The global hotel industry faces the challenge to reduce its carbon emissions by 66% by 2030 and 90% by 2050 to stay within the 2° threshold outlined in COP211, a United Nations Climate Change initiative.
Hotels are big players when it comes to energy consumption and consistently rank among the highest energy consumers. One possible explanation for this is that guests and hotel operators usually prioritise comfort and experience over everything else.
New research by Cundall, commissioned by Signify, reports that mid-scale and luxury hotels can deliver significant energy savings without compromising quality and guest comfort.
By using a connected home room management system, hotels can consume 28% less energy per guest when at 80% occupancy. When guests opt for a green mode, up to 10% savings can be achieved.
Much more can be done than just asking guests to opt in for this green mode. Cundall demonstrates how the integration of control systems into key building services (HVAC and power) can play a major role in reaching the targets.
“Smart lighting system has a big impact on reducing energy costs, as it controls the room lighting, air conditioning, power and charging sockets and motorised curtains,” Signify global lead for hospitality Jella Segers says.
“For example, hotels can optimise their energy usage in unoccupied guest rooms by adjusting the temperature levels in the room automatically and open curtains only when guests have checked in.”
The study showed that 65% of realised energy savings in hotels were achieved due to the integration between smart lighting and hotel property management systems 35% due to real-time occupancy control in the guest room.
“Commonly used temperature setpoints used by hotels often make guests feel too warm or too cold, marking vast gaps between indoor and outdoor temperatures. Working with Cundall, recommendations of temperature setpoint ranges have been created, commonly referred to as adaptive comfort hypothesis,” Jella adds.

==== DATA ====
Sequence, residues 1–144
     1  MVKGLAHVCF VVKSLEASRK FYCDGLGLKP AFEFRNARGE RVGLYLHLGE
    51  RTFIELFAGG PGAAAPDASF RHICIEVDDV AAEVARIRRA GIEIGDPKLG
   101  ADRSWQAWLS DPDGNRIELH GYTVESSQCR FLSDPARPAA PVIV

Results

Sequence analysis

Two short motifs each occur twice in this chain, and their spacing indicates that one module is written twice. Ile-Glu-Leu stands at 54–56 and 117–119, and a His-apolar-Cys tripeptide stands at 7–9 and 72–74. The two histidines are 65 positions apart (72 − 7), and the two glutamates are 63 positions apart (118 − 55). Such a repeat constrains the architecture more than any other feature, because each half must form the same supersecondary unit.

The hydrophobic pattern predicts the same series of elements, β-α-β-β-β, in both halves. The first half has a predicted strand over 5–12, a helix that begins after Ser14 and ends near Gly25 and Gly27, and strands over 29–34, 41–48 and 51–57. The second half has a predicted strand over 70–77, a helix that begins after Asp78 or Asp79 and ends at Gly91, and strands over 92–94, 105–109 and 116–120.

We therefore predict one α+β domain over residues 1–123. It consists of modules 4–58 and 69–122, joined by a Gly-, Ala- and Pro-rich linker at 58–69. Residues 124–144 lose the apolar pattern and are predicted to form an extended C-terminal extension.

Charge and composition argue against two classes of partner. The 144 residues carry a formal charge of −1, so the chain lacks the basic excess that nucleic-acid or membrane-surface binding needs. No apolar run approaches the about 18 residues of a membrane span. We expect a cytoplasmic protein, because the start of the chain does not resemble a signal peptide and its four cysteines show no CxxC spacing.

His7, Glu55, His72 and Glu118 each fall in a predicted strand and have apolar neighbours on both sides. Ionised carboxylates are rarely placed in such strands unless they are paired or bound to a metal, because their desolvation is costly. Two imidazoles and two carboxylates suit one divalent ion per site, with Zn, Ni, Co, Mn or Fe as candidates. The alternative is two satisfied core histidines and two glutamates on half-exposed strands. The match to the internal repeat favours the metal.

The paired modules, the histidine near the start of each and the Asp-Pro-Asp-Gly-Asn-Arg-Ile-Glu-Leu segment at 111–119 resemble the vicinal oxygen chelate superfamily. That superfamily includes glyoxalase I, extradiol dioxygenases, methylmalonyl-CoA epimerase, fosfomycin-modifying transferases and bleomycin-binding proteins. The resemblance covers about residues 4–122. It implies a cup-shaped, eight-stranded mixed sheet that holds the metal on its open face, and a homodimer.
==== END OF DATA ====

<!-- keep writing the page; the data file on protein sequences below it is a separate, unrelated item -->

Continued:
Understanding the bandwidth of comfortable temperature set points gives more options for energy savings.
“Based on seasonal changes, the smart lighting systems provide support to automatically update temperature setpoints across the hotel, balancing energy use with optimal guest comfort,” Cundall managing director Marcus Eckersley says.
“Although this study has presented significant energy savings for hotels in hot climates within Southeast Asia, Middle East and North Africa, we anticipate similar savings from heating for hotels in temperate climates, like Europe and North America. Hotel operators can expect favourable returns on investment, compared to guest rooms without a smart control system in operation.”
Through its Application Program Interface (API), Signify’s Interact Hospitality system communicates to various hotel IT systems, from housekeeping to engineering, as well as guest tablets. This not only helps maximise energy efficiency and meets sustainability goals but also improves staff productivity and the guest experience.
The post Hotels urged to reduce carbon emissions with IoT lighting appeared first on Connected Magazine.